New York’s Finger Lakes is one of the most dynamic and diverse wine regions in America. More than 30 grape varieties are planted there -- a mix of Vitis vinifera, hybrids such as Cayuga, Niagara and Vignoles, and native labrusca -- in vineyards that snuggle up against Seneca, Cayuga and Keuka lakes, as well as the eight other water bodies that comprise the Finger Lakes chain.
For all of its viticultural diversity, which includes Chardonnay, Gewurztraminer, Sauvignon Blanc, Cabernet Franc, Lemberger, Merlot, Pinot Noir, icewine and Dr. Konstantin Frank’s beloved Rkatsiteli (made from an ancient grape native to the Republic of Georgia), Riesling is the real firecracker from the Finger Lakes, whose mineral-rich limestone and shale soils and typically chilly climate are conducive to producing racy Rieslings that can stand toe-to-toe with the best of Germany, Austria and Australia.
They are made in a gamut of styles: Dry, semi-dry, semi-sweet, sweet, icewine and sparkling, and for the large part are exceptional values, given their quality and complexity.
The Finger Lakes’ normally cool growing conditions support the retention of natural acidity in the grapes, no matter how ripe they become. Thus, a sweet or semi-sweet Riesling can be as texturally bracing as a dry Riesling with no residual sugar, thanks to that refreshing acidity.
Vines are planted on steep hillsides exposed to the cooling influence of the long, narrow, glacially-carved Finger Lakes, which prevent cold air from settling over vineyards, and thus discouraging frost. But there is no protection from growing-season rains, as vintners experienced in 2011, when mold and mildew hampered their efforts during a contradictory mix of warmth and wetness.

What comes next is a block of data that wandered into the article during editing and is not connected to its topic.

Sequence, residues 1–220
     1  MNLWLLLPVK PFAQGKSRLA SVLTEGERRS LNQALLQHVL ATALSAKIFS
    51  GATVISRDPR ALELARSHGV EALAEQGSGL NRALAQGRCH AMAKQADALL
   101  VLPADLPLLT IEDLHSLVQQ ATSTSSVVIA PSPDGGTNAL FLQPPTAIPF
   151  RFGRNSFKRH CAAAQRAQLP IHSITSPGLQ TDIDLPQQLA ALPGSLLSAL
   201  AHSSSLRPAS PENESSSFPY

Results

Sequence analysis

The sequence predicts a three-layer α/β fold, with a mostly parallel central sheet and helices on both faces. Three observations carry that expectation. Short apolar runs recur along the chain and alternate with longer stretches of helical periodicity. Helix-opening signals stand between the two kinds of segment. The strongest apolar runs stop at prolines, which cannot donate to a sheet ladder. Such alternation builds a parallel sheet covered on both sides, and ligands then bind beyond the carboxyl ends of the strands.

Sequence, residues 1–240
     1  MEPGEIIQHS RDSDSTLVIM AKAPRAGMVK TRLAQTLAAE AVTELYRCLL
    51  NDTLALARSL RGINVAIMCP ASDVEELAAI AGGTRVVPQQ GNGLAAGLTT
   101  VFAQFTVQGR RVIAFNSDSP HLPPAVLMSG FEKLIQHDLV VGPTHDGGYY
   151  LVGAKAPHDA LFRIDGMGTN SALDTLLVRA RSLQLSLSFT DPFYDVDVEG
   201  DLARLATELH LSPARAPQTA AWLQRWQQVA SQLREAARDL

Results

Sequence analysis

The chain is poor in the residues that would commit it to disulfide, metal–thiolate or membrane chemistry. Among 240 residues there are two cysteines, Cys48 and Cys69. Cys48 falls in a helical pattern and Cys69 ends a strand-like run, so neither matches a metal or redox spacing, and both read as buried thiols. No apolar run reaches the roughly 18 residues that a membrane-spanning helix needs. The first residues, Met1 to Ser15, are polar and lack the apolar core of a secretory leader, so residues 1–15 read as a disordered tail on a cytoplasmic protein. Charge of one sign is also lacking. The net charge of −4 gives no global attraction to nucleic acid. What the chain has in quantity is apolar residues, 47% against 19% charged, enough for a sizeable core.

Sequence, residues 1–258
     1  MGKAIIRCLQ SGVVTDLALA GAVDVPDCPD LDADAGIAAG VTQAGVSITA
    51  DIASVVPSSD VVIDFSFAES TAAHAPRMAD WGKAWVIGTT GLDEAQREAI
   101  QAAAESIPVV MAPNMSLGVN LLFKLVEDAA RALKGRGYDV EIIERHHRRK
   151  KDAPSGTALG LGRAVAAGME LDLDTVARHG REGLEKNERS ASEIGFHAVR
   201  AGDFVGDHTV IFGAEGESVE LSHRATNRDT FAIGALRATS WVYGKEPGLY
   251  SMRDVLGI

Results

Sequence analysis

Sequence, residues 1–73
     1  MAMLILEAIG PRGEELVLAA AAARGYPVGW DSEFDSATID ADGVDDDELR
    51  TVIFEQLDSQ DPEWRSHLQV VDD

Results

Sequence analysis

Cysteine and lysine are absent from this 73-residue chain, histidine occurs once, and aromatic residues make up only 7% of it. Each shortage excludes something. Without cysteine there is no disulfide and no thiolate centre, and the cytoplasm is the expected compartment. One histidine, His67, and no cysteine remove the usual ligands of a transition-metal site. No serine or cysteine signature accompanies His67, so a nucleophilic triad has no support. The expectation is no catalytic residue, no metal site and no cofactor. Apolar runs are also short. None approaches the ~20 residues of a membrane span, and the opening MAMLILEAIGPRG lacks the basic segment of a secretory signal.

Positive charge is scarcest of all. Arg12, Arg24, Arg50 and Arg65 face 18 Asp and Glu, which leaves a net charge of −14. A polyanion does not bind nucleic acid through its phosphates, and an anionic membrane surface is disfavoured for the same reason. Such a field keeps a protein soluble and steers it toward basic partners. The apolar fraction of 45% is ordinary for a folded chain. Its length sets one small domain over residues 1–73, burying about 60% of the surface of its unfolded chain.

As the 2012 harvest winds down in New York, the 2011 Rieslings are arriving in the market, and the quality of those I’ve tasted is admirable, particularly given the conditions. The true test of skilled viticulture and winemaking is in making high-quality wines from difficult conditions, and 2011 is a testament to both in the Finger Lakes.
Conditions vacillated from very wet in spring, to warm and dry in the summer months, to wet in fall. The Riesling harvest occurred three weeks later than normal in most areas, and yields were down as growers and winemakers had to be very selective in the grapes they brought into their cellars.
“Excessive rain during ripening caused some rot and separated the good growers from the not-so-good,” said Lucas Vineyards’ Jeff Houck during an online tasting of the 2011 Rieslings conducted by the Finger Lakes Wine Alliance.
“Twenty years ago, this would have been a disaster. But canopy management is different than it was in 1987; that was a similar vintage with a warm summer and then it rained like crazy.”
“2011 was a challenging vintage,” added Ravines Wine Cellars owner/winemaker Morten Hallgren, “but it validated certain (viticultural) practices.” While wet conditions encouraged the development of Botrytis in the grapes -- which can be a positive for those producing late-harvest, dessert-style Rieslings -- Hallgren is focused on dry Rieslings, and he thanked vigilant growers for delivering clean, healthy, relatively Botrytis-free clusters to his Keuka Lake winery in 2011.